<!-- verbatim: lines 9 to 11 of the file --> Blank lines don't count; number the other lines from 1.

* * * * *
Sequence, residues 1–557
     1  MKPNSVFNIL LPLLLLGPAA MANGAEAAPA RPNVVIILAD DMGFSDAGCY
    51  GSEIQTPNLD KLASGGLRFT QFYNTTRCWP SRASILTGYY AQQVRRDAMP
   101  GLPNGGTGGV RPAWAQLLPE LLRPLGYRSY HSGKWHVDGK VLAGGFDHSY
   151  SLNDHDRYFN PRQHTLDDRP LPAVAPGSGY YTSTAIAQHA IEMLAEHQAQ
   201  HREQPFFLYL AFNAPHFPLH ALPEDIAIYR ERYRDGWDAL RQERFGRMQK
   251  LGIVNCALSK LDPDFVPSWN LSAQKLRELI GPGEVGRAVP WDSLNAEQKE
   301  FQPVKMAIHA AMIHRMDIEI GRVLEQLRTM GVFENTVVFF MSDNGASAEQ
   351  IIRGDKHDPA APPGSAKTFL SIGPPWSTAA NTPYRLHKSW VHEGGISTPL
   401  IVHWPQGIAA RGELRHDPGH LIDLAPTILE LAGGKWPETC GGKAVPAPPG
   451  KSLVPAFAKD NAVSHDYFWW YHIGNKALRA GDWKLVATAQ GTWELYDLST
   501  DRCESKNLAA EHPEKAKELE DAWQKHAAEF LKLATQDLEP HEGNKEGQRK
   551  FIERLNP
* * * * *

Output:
   351  IIRGDKHDPA APPGSAKTFL SIGPPWSTAA NTPYRLHKSW VHEGGISTPL
   401  IVHWPQGIAA RGELRHDPGH LIDLAPTILE LAGGKWPETC GGKAVPAPPG
   451  KSLVPAFAKD NAVSHDYFWW YHIGNKALRA GDWKLVATAQ GTWELYDLST